Tuesday, 17 July 2012

JDBC - Calling an Oracle Stored Procedure with CURSOR output

This article explains how to call an Oracle Stored Procedure that returns a Cursor as an output parameter with Java using JDBC.


Things to note:
- JDBC begins it's index's at 1, not 0. I.e. The CallableStatement object's methods such as: getObject must have a parameter with a value of at least 1.
- Once the Connection or CallableStatement objects are closed, the ResultSet will be empty. This is because it only exists as long as the database connection is open. Ensure you take your results before these objects are destroyed.
- oracle.jdbc.OracleCallableStatement and java.sql.CallableStatement offer the same outcome in this example. Therefore, I have opted to use the java.sql library.
- The '?' within the prepareCall parameter is a place holder for a parameter. This is populated (in this example) using the registerOutParameter method, declaring it's expected type.


Oracle Stored Procedure
Code Snippet
  1. CREATE OR REPLACE PROCEDURE PACKAGENAME.GET_ACCOUNTS
  2. (
  3.     l_cursor OUT sys_refcursor
  4. )
  5.     OPEN l_cursor FOR SELECT ACCOUNT_NAME FROM Accounts ORDER BY ACCOUNT_NAME;
  6. END GET_ACCOUNTS;
End of Code Snippet


Java Code
Code Snippet
  1. // Establishes and returns a new connection to the database
  2. private Connection GetConnection() throws SQLException
  3. {
  4.     // Load and register Oracle driver
  5.     DriverManager.registerDriver(new OracleDriver());
  6.    
  7.     // Establish a connection
  8.     return DriverManager.getConnection("jdbc:oracle:thin:@SERVER:PORT:SID", "USERNAME", "PASSWORD");
  9. }
  10.  
  11.  
  12. // Gets a collection of all accounts within the database
  13. public Collection<Account> GetAccounts() throws SQLException
  14. {  
  15.     Connection conn = null;
  16.     CallableStatement cstmt   = null;
  17.     Collection<Account> accounts = new ArrayList<Account>();
  18.  
  19.     try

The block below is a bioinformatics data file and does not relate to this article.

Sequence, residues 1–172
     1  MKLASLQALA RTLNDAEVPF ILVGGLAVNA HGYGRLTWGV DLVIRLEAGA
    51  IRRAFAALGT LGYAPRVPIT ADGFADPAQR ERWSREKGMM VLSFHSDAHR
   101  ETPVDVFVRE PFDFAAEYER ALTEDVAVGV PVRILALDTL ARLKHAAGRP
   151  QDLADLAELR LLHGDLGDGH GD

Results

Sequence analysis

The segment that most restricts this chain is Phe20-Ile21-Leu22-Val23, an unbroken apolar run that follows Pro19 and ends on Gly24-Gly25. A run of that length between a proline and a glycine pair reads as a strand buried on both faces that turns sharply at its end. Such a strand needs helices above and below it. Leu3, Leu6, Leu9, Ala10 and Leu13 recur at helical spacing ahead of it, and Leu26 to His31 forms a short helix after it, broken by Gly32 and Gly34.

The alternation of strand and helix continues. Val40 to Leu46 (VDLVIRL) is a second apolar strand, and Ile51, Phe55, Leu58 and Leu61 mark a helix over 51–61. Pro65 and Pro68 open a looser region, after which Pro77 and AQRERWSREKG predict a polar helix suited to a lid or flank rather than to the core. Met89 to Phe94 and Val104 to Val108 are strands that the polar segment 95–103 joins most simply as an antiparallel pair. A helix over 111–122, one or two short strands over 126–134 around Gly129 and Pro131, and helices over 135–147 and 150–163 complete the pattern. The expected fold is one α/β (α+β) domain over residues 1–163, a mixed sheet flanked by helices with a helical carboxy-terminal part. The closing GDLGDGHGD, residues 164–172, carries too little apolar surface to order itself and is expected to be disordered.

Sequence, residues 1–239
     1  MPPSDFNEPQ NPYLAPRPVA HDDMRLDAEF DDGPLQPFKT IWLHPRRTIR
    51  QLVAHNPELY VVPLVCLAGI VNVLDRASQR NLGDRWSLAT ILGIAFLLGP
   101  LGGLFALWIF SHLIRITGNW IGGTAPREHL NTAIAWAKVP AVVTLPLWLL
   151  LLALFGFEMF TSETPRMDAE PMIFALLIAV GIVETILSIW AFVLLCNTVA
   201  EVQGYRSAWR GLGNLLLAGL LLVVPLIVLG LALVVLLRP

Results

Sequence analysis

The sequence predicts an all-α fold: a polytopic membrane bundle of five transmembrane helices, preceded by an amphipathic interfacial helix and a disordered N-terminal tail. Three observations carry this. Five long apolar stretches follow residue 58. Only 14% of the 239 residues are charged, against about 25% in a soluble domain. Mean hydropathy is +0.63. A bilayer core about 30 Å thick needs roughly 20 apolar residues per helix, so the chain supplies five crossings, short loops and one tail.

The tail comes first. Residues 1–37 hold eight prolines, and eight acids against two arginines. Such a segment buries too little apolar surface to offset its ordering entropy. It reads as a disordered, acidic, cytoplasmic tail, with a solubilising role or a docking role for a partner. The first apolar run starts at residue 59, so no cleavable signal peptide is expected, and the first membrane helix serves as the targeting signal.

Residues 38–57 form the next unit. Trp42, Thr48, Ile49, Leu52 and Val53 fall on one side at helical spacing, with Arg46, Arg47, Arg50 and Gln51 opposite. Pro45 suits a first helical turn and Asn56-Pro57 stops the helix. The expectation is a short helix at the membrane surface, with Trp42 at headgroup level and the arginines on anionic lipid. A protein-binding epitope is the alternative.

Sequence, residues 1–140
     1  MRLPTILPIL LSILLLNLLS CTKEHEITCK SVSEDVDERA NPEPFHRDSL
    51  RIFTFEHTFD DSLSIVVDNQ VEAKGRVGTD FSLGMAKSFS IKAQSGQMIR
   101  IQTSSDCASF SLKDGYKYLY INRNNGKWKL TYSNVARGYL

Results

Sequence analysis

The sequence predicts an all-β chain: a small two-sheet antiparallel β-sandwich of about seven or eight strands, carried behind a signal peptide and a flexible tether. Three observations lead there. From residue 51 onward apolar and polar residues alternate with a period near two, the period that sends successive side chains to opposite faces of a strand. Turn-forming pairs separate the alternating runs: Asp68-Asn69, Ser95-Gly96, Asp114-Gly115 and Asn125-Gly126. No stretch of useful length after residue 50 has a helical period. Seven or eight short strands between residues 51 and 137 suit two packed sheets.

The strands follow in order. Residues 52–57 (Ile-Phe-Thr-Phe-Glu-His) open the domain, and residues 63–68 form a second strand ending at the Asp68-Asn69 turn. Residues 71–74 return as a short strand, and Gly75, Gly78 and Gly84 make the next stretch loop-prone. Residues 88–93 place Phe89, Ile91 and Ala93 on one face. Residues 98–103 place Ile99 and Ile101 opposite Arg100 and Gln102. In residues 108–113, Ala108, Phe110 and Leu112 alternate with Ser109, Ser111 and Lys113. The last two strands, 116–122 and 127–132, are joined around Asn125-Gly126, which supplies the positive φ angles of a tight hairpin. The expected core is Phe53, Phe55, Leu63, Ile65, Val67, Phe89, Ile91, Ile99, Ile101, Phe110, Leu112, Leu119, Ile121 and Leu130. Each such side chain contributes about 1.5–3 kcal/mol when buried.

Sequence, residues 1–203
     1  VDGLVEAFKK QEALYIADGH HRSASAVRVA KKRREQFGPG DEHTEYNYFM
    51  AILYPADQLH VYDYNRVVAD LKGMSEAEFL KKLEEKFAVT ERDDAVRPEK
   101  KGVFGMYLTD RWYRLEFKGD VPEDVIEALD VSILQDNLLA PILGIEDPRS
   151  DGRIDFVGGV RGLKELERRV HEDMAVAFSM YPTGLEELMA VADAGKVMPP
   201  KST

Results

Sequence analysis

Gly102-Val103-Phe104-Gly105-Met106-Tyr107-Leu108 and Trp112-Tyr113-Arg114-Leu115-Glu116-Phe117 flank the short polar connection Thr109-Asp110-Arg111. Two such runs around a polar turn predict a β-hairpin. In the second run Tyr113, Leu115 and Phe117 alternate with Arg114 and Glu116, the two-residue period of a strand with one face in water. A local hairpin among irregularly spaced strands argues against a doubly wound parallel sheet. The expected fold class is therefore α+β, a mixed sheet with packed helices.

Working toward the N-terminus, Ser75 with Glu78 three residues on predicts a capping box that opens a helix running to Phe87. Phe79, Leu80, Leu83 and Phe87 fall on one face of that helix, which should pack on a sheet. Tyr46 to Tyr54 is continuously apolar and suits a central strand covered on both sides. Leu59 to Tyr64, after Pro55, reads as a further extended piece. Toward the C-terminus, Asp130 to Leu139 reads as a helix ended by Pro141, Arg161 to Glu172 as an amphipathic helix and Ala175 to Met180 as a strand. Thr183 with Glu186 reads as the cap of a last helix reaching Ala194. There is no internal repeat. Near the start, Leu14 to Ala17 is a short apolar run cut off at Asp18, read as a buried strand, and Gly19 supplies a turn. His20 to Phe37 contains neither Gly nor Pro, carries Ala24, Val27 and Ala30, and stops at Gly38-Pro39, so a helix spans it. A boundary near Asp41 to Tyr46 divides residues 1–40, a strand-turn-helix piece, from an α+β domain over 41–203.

20.     {
  21.         // Connect
  22.         conn = this.GetConnection();
  23.  
  24.         // Get ResultSet
  25.         cstmt = conn.prepareCall("{call PACKAGENAME.GET_ACCOUNTS(?)}");   // '?' is a template for our Cursor OUT parameter
  26.         cstmt.registerOutParameter(1, OracleTypes.CURSOR);
  27.         cstmt.execute();
  28.  
  29.         // Index starts at 1, so we want our first result, which is the Cursor
  30.         ResultSet rs = (ResultSet) cstmt.getObject(1);
  31.  
  32.         // process results one row at a time
  33.         while(rs.next())
  34.         {
  35.             Account acc = new Account(rs.getString(1)); // Account name is the first (and only) result in our Cursor.
  36.             accounts.add(acc); // Add account to our collection of accounts to return
  37.         }
  38.     }
  39.     catch (SQLException e)
  40.     {
  41.         System.err.println(e.getErrorCode() + e.getMessage());
  42.     }
  43.         catch(Exception e)
  44.         {
  45.             e.printStackTrace();
  46.         }
  47.     finally
  48.     {
  49.         conn.close();
  50.         cstmt.close();
  51.     }
  52.    
  53.     return accounts; // Return collection of accounts to caller
  54. }
  55.  
  56.  
  57.  
  58. // Account POJO
  59. public class Account
  60. {
  61.     private String accountName;
  62.  
  63.     public Account(String accName)
  64.     {
  65.         this.accountName = accName;
  66.     }
  67.    
  68.     public String getAccountName() {
  69.         return this.accountName;
  70.     }
  71.  
  72.     public void setAccountName(String accountName) {
  73.         this.accountName = accountName;
  74.     }
  75. }
End of Code Snippet

2 comments:

Anonymous said...

If a result set is returned and cast when using GetObject, it will probably be easier to change lines 27 to 30 to:

ResultSet rs = cstmt.executeQuery();

because executeQuery(); returns a ResultSet object.

Also, you're probably better explicitly calling the column name, e.g.:

rs.getString("ACCOUNT_NAME");

That way you'll be able to change the stored procedure without worrying about changing the index of the row you're after.

I'd also print e.getSQLState() in the catch.

Anonymous said...

Look this framework (https://code.google.com/p/lindbergframework/). Easy handling of stored procedures and functions, including treatment of cursors automatically.

https://code.google.com/p/lindbergframework/